Friend to Friend

From an interview with Elder John H. Groberg of the Seventy, currently serving in the Utah North Area Presidency; by Kellene Ricks Adams

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Whatsoever ye do in word or deed, do all in the name of the Lord (Col. 3:17).

My parents and teachers didn’t preach a lot, but they didn’t need to. The feelings of love and confidence they instilled in me, and the lessons they taught by their good examples, have stayed with me all these years.

One of my earliest memories of Primary is the day that my teacher, Sister Johnson, invited our Blazer class to her home. Her husband was a carpenter and helped us construct birdhouses. Then, using the scriptures and quotes from modern-day prophets, she talked about the importance of being kind to all of God’s creatures.

I don’t remember too many of the actual lessons taught in Primary, but building something with my hands made that lesson come alive for me. To this day, I try to be nice to birds, as well as to other animals.

Sister Johnson wasn’t the only one who used birds as a teaching tool. My mother was an outstanding woman, diligent in many ways. In particular, I remember her helping me earn my bird-watching merit badge.

I come from a family of eleven children. My mother must have gone to bed very tired each night. Nevertheless, she still got up early, woke me up, and drove me out into the countryside and pointed out the different birds to me. I will never forget that lesson of love.

I was quite young when World War II started, but I was old enough to be frightened by what was happening. My father assured me that the Lord was in control and that all would be well. As he told me not to worry, he put his arms around me, enveloping me in security and love. I had the same feeling of safety as we knelt in family prayer and I listened to my father, a bishop, pray for the servicemen who were from our ward. I knew that Heavenly Father lived and that He was listening.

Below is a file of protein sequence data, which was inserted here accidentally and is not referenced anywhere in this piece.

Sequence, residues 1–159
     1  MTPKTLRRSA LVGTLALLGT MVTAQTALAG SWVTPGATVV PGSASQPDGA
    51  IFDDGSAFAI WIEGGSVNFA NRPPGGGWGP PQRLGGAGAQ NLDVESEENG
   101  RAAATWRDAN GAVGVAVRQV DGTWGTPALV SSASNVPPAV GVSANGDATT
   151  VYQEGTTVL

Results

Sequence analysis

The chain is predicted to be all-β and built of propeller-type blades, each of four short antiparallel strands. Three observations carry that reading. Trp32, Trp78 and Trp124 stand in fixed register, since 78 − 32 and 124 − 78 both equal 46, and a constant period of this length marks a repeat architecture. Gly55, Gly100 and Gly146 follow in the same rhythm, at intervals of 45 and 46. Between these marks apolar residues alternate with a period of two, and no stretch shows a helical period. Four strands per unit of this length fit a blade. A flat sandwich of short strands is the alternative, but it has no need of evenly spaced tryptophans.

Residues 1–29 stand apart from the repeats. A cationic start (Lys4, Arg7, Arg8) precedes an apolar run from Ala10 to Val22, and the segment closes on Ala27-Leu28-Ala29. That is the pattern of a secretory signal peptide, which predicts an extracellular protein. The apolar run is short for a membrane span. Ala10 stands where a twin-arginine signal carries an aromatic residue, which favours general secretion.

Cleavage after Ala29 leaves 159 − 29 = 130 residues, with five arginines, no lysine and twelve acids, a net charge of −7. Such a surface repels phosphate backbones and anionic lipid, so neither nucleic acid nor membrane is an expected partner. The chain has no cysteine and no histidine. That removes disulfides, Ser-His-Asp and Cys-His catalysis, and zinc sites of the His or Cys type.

Some things I learned by what I did, rather than from someone else’s actions. One Christmas a favorite aunt gave me a book of illustrated stories from the Old Testament. Outside, the weather was cold and the wind was howling. I couldn’t sleep. I waited until everybody else was asleep so that I wouldn’t disturb them, then gathered up my blanket and settled down near the forced-air heat vent and read that book for hours at a time. Before that I hadn’t been much of a reader, but I was entranced by that book. I really developed a love for the scriptures at that young age.

These early experiences created a feeling of love and security in my life. The lessons and good examples that I remember best were the ones that involved doing something. If you can experience what I experienced, if you will learn from people who love you and who do things for you and with you, if you strive to do what is right yourself, you will build a strong foundation in the gospel that will bring you a comfort, safety, and joy that can last forever.

1. With President David O. McKay

2. At about two years

3. At about nine years old

4. With his wife, Jean

5. As a missionary

6. At about nine years old